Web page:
Bloomberg News

Canada May Industrial Product and Raw Materials Prices (Text)

June 29, 2012

The following is the text of the industrial product and raw material prices report as reported by Statistics Canada.

In May, the Industrial Product Price Index (IPPI) was unchanged from April. Price increases for motor vehicles and other transportation equipment (+1.0%) and lumber and other wood products (+1.7%) were offset mainly by a 2.1% decline in petroleum and coal products. The Raw Materials Price Index (RMPI) fell 1.0%, largely because of lower prices for crude oil.

Industrial Product Price Index, monthly change

Of the 21 major commodity groups, 11 were up, 6 were down, and 4 were unchanged.

Motor vehicles and other transportation equipment (+1.0%) and lumber and other wood products (+1.7%) were among the product groups that experienced growth. More modest advances were observed in pulp and paper products (+0.7%) and machinery and equipment (+0.5%).

The motor vehicles and other transportation equipment group was pushed upward by an increase in prices for motor vehicles (+1.6%), which rose for the first time in six months. The decline in the value of the Canadian dollar against the US dollar was partly responsible for the May increase in motor vehicle prices.

Softwood lumber (+3.9%) was the leading factor in the increase in lumber and other wood products. These prices rose in conjunction with the demand for building permits for houses and apartment buildings in the United States, which reached its highest level in May in over three years.

Some Canadian producers who export their products are generally paid on the basis of prices set in US dollars. Consequently, the 1.7% depreciation of the Canadian dollar in relation to the US dollar in May had the effect of increasing the corresponding prices in Canadian dollars. Without the impact of the exchange rate, the IPPI would have fallen 0.4% instead of being unchanged.

Conversely, the decline in petroleum and coal products was mainly attributable to a 3.6% decrease in gasoline prices, which were down for the first time since the beginning of the year.

Among the other product groups that declined were primary metals (-1.3%), which posted a third consecutive decrease. The largest contributor to the decline was other non-ferrous metal products (-3.7%), particularly precious metal basic manufactured shapes (-11.9%). Also down were nickel products (-3.3%), aluminum products (-0.6%) and copper and copper alloy products (-0.6%).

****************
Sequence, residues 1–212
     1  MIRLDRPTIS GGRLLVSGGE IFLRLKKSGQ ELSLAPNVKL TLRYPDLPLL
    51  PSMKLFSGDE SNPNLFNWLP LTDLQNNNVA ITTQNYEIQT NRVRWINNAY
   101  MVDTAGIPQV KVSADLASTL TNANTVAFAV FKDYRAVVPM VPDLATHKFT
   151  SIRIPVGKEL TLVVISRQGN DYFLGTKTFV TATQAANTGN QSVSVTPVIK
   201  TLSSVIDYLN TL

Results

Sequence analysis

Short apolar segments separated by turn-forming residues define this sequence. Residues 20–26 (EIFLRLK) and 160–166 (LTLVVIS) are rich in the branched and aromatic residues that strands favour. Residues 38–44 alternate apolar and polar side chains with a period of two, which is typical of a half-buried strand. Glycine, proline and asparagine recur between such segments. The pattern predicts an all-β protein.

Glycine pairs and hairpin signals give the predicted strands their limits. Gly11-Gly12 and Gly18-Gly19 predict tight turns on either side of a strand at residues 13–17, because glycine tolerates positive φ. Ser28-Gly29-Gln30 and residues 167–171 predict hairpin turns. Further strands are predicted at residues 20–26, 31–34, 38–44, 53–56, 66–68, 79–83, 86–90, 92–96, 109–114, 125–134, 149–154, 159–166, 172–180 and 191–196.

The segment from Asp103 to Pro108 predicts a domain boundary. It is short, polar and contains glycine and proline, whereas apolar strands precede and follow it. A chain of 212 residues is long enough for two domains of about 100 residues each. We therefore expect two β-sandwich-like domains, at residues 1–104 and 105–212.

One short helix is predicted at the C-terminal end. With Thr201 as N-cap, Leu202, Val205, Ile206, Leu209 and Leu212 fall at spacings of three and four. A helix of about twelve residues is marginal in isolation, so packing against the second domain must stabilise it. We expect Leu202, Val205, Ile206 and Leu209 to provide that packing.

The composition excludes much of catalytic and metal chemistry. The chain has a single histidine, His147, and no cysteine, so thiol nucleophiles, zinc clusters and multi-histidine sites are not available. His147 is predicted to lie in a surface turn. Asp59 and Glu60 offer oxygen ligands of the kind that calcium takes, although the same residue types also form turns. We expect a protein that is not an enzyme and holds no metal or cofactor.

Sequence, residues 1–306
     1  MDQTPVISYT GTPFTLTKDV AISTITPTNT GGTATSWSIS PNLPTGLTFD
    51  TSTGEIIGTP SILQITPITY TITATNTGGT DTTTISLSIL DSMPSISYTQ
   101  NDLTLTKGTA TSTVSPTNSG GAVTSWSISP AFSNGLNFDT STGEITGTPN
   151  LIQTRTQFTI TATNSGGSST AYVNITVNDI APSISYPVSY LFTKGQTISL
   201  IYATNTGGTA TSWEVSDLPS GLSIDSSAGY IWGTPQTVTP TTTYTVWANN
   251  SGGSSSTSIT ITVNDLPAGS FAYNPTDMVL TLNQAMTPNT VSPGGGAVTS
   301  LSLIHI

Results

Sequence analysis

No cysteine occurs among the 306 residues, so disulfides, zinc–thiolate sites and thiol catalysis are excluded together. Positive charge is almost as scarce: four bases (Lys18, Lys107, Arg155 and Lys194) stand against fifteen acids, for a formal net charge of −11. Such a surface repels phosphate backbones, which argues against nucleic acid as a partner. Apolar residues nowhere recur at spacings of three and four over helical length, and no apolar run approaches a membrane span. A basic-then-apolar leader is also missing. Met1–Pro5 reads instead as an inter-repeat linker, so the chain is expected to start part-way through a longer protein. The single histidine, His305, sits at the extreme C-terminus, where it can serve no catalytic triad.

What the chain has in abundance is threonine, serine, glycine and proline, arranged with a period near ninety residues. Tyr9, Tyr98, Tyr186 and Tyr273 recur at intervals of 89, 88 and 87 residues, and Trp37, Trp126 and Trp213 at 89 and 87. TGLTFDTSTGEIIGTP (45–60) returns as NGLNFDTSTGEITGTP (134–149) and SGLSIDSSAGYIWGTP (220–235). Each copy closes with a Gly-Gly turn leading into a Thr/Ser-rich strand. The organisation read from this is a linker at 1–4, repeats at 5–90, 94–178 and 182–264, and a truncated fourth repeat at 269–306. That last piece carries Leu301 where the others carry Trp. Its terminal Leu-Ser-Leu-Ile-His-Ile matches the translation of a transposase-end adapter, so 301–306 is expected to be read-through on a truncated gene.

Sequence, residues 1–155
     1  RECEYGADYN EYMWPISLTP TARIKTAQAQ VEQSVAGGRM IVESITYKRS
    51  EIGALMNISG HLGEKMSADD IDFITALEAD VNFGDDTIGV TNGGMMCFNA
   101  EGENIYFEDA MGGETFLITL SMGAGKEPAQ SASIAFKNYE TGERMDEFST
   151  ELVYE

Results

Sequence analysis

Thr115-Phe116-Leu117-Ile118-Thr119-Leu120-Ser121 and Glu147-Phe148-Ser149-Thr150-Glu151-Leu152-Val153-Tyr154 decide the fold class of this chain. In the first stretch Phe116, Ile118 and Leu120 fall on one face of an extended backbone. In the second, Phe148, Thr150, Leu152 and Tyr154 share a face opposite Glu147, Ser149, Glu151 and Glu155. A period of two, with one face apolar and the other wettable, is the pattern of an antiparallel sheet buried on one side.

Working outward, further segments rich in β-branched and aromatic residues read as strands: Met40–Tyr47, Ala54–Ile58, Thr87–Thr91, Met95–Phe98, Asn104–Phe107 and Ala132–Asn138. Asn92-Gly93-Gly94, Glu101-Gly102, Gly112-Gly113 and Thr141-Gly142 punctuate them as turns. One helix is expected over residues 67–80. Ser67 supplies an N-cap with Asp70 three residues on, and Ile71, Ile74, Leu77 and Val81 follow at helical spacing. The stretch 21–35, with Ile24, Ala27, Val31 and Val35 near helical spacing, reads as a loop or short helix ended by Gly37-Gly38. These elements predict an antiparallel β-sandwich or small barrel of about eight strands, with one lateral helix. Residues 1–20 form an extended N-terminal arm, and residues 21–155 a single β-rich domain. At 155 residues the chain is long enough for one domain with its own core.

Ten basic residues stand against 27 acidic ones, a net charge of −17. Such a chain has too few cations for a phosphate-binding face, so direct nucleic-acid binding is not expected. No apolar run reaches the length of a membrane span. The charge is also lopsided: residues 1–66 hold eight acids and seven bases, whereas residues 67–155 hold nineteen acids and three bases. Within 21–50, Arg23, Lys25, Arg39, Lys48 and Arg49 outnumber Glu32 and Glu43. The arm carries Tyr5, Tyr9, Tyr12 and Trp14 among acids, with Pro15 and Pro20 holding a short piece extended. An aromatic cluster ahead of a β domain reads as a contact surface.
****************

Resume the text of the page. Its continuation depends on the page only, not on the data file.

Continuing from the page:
The IPPI excluding petroleum and coal products rose 0.2% in May.

12-month change in the Industrial Product Price Index

Compared with the same month a year earlier, the IPPI was up 0.7% in May. This is a deviation from the trend of decelerating growth observed in recent months. Between September 2011 and April 2012, the year-over-year growth rate of the index fell from 5.6% to 0.5%.

The IPPI was pushed upward mainly by higher prices for motor vehicles and other transportation equipment (+3.0%), particularly motor vehicles (+4.0%).

More modest increases were seen in lumber and other wood products (+5.9%), particularly softwood lumber (+13.1%). Fruit, vegetables, feeds and other food products (+2.1%) and machinery and equipment (+3.2%) also contributed to the increase.

Compared with May 2011, the advance of the IPPI was moderated largely by primary metal products (-7.5%), which posted a seventh consecutive decline. There was also a decrease in petroleum and coal products (-0.9%), the first since 2009.

The 4.1% year-over-year decline in the value of the Canadian dollar against the US dollar contributed to the advance of the index. Without the impact of the exchange rate, the IPPI would have fallen 0.3% instead of increasing 0.7%.

The IPPI excluding petroleum and coal products was up 0.8% from May 2011.

Raw Materials Price Index, monthly change

The RMPI posted its fourth straight decline in May, falling 1.0%. All major product groups except one were down. Previously, the index had experienced decreases of 1.6% in March and 2.0% in April.